I am doing a project and I can't really find any complete information on how to estimate and calculate de loads (lift, weight, drag...) in a horizontal stabilizer.

If someone could give me good papers or books references would be very helpful.

Thanks in advance.

  • 1
    $\begingroup$ Remember, in the air, any load will produce torque, if it is not counter-acted, the tail simply weathervanes. Start with a diagram of forces around the aircraft CG. $\endgroup$ Sep 20, 2022 at 20:25
  • $\begingroup$ Also there are some excellent "primers" that help visualize how the tail is most often producing a down-force that offsets the arm that exists between the CP (Center of Pressure) and CG (Center of Gravity.) This video is a good starting point to begin your exploration: youtu.be/FNC5NHRv5KE I'm not saying a video is a suitable reference for your project, rather, it is a jump-start to your intuition about why the tail does what it does. $\endgroup$
    – Max R
    Sep 20, 2022 at 22:13
  • $\begingroup$ Maybe you didn't see this advice that I have already given you, that should clarify all of your doubts $\endgroup$
    – sophit
    Sep 20, 2022 at 23:50
  • $\begingroup$ Sorry, but resource location questions are specifically off-topic here. $\endgroup$
    – Jamiec
    Sep 26, 2022 at 8:07

2 Answers 2


If you are into commercial transport aircraft, you might start with: "Structural Loads Analysis for Commercial Transport Aircraft" by Ted L. Lomax, ISBN (print): 978-1-56347-114-8, Chapter 8: Horizontal Tail Loads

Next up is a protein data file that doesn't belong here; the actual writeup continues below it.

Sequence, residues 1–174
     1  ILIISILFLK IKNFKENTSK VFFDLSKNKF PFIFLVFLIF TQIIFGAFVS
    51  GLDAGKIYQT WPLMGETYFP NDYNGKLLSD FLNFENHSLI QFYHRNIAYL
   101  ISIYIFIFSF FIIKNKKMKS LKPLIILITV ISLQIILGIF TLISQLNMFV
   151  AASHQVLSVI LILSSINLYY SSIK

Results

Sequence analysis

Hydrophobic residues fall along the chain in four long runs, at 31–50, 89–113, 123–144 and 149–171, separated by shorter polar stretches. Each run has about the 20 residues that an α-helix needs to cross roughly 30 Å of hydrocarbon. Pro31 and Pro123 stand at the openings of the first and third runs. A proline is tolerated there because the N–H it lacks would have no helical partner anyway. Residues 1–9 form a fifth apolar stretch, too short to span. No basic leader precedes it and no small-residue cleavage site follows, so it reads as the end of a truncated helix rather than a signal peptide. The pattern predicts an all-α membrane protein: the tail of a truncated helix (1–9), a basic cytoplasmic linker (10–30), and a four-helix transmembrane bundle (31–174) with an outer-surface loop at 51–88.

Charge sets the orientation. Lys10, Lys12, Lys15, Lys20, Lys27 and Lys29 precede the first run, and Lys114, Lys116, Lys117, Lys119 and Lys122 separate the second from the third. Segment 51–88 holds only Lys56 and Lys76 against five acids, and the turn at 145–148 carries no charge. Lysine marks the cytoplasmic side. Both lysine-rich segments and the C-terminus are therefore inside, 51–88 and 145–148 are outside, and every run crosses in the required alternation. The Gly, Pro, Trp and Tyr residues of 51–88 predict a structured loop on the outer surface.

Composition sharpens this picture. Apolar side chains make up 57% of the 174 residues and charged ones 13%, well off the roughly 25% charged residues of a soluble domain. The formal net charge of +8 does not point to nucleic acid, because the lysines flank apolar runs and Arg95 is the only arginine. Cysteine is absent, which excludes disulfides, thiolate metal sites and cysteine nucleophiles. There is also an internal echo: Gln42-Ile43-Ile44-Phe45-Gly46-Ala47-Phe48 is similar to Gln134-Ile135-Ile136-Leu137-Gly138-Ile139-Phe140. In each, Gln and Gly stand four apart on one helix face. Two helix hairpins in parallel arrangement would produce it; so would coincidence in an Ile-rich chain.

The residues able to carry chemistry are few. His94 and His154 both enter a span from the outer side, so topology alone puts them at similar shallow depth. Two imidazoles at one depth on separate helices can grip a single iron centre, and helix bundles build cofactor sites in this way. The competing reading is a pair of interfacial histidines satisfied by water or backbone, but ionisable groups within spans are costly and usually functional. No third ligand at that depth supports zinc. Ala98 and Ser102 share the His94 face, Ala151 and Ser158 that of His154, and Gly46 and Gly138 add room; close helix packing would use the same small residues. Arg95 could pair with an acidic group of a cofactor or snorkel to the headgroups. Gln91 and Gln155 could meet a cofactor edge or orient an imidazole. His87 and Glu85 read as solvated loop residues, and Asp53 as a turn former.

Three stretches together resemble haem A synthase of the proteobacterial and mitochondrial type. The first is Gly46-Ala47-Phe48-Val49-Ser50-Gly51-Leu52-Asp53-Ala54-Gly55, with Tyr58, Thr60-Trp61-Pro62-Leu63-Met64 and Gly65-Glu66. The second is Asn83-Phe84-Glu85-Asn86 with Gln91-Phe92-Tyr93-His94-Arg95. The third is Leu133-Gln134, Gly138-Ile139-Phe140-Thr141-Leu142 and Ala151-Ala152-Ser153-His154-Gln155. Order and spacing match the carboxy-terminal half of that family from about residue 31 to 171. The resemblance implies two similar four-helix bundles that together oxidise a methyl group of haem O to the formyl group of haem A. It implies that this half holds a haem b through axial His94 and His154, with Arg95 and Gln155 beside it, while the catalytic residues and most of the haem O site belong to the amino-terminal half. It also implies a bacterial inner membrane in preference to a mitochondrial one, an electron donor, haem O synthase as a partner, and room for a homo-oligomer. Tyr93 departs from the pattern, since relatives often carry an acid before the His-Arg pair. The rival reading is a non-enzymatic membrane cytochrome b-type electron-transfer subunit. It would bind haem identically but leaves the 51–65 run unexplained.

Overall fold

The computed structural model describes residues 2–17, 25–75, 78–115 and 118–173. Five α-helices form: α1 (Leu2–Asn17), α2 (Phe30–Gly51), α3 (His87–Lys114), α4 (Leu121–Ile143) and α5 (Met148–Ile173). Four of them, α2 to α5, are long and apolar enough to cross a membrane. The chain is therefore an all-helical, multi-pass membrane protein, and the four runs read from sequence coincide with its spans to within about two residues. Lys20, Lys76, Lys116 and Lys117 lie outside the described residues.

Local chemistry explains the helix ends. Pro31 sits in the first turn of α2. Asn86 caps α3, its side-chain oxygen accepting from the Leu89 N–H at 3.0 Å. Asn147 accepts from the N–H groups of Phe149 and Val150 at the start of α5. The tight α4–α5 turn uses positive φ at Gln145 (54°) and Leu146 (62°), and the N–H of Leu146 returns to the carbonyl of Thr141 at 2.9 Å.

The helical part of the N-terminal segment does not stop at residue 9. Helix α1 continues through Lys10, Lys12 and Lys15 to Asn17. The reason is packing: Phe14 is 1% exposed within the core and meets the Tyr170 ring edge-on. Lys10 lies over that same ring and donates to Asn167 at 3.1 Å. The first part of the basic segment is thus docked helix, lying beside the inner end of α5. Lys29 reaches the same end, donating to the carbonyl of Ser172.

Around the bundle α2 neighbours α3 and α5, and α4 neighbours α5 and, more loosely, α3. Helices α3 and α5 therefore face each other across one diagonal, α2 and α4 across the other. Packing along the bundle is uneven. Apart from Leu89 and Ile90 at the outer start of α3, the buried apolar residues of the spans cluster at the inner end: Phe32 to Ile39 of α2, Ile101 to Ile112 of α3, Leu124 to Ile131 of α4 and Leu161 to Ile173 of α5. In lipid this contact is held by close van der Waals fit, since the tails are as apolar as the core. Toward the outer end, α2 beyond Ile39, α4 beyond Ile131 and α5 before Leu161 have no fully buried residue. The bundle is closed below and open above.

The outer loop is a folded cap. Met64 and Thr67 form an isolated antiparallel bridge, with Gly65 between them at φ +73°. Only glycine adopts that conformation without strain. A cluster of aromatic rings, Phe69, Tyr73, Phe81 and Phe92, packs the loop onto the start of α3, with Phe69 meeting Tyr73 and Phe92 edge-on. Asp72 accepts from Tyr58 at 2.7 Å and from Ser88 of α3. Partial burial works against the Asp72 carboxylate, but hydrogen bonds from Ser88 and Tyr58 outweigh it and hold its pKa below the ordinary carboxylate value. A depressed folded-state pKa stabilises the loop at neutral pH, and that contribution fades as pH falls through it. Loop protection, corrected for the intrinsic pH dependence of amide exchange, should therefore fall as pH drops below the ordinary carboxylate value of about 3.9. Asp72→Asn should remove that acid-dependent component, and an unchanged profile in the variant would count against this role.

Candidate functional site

The way I'd approach this problem may vary depending on what information is available about the aircraft and flight condition you are analyzing, but here is a rough outline of how I'd suggest approaching this problem.

  1. Determine aircraft CG location and wing center-of-pressure. Both of these things should be fairly straightforward to determine, or reasonable approximations can be made. With this information, you can determine the aerodynamic force required of the horizontal stabilizer to balance the pitching moment. You can start with some assumptions to make the calculation more straightforward (e.g. the horizontal stabilizer is the only element contributing to the pitching moment) and then relax them as needed to improve the result depending on which ones are valid for the flight condition you are considering (e.g. in a gliding flight condition there would be no thrust contribution to the pitching moment.)
  2. By balancing the moments you'll get a value for the lift produced by the horizontal stabilizer. To get drag, you'll want to determine the local angle-of-attack, as well as the elevator deflection required, which depends on the flight condition. If you have information about the horizontal tail airfoil, planform, and other geometry, that will be helpful too. You'll want the angle-of-incidence of the horizontal stabilizer and wing to determine the angle-of-attack at the horizontal stabilizer (again, start with restrictive assumptions about no downwash from the wing, and relax as needed.) You can consider the effect of a trim tab (if used) as well. This should start coming together to give you a value for drag.

Depending on why you are calculating these loads and how you are bookkeeping your aerodynamic forces, you can also consider interference effects.

In terms of resources, I learned a lot from Airplane Aerodynamics & Performance by Jan Roskam. If you get the book and continue reading the section below, it should reference other sections in the book to help you piece together all of the aerodynamic contributions you are interested in. There may be other better resources than this one, but this is simply what I am familiar with.



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